Rockco's efforts to learn more about the commission's activities came to a head in August 2002 when Olivier was ordered to appear before the Board of Supervisors to answer questions. According to The Sun Herald, Rockco was accused of being on a "witch hunt" by Supervisor Larry Benefield who refused to attend the meeting. Benefield is a strong supporter of Olivier.
Gutierrez's resignation was reported by the major local media. But those stories did not provide any real context for readers to understand the nature of the conflict and their importance. The reports neither addressed the legitimate concerns that were made by Gutierrez, or provided any meaningful reason why this event should have been reported at all.
Just another she said, he said story...Go back to sleep Gulf Coast... Nothing here to look at... Move along now.
In fact, much of the coverage of the commission and its conflicts with reformers has looked more like the results of a gossip column. She said this, but he said that. But even when some real information is there it is often buried at the end of the stories.
At the end of a lengthy Aug. 8, 2002 article about Rockco and Ladner grilling Olivier over spending and results, the newspaper acknowledged that it was unable to obtain financial records from the commission.
"When The Sun Herald on Wednesday asked to see the commission's expense reports, Olivier said it would take his staff months to compile the reports," reads the Sun Herald article. The newspaper added that Olivier said some of the financial information is client confidential and Olivier is quoted saying the newspaper "would have to go to court to get them."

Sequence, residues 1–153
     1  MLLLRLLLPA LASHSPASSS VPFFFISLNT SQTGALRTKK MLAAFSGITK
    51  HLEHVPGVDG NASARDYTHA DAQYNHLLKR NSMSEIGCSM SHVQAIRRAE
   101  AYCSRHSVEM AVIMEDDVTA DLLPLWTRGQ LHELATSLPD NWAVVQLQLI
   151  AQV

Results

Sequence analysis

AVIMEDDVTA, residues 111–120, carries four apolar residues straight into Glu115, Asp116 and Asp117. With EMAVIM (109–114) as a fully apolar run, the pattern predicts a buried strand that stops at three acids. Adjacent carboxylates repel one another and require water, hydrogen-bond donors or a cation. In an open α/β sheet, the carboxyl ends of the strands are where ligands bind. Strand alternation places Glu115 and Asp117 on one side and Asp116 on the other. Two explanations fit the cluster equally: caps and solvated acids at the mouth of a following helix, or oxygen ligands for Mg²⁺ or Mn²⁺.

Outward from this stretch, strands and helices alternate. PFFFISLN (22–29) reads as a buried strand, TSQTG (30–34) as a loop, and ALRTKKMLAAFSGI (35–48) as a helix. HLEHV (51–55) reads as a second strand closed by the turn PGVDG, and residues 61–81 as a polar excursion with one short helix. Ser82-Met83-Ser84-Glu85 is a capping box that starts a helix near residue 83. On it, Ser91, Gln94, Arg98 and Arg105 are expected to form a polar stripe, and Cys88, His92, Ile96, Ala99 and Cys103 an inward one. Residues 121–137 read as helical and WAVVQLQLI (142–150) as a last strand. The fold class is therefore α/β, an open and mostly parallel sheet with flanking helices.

The Sun Herald has successfully challenged public officials that refuse to release documents. But not this time.
Later, in an Aug. 31, 2002 article, The Sun Herald showed the commission's records on jobs creation was false without actually saying so.
"According to the information provided by the Development Commission, the commission has been involved in $208 million in new business and expansions and the creation of 2,902 jobs from 1995 to 2002. However, of the 55 companies listed, fewer than a half dozen are new companies. The remaining companies were existing businesses that created additional revenue and jobs by expanding," the Sun Herald reports.
In this case, the story could have added, "Development Commission officials misleads public on job creation," and been right-on. But the story does suggest that the commission takes credit for jobs creation that it has nothing to do with.
In 2002, Olivier sought to make it more difficult for the public to obtain records involved with development commission activities in business recruitment. He pushed a local legislator to sponsor a bill that would have made it nearly impossible for public scrutiny of the type of activity the Development Commission conducts. Fortunately, lawmakers saw through the ruse and rejected the bill.
The Sun Herald went on record in an editorial on August 3, 2003 criticizing Supervisor Marlin Ladner when he sought to get answers to why the Development Commission was sitting on $7 million in cash in the bank. This was during the county's budget hearings. The county was looking for ways to fund this year's budget without raising taxes or cutting services.
Perhaps some of the coverage of the commission by The Sun Herald and WLOX news could be explained by their corporate membership in the Mississippi Gulf Coast Economic Development Council, also known as the Gulf Coast Economic Development Council.
The Development Council is a supposedly "independent" organization made up of some 60 area businesses, banks and law firms.
According to state records, the council was established in 1986 as an independent non-profit organization set up to promote area development. However, the Harrison County Development Commission's taxpayer- supported staff coordinates the activities of this "independent" council. The council actually pays the commission's director Michael Olivier $12,000 a year in additional salary. This is not money for his staff's work, but a stipend for him as a consultant.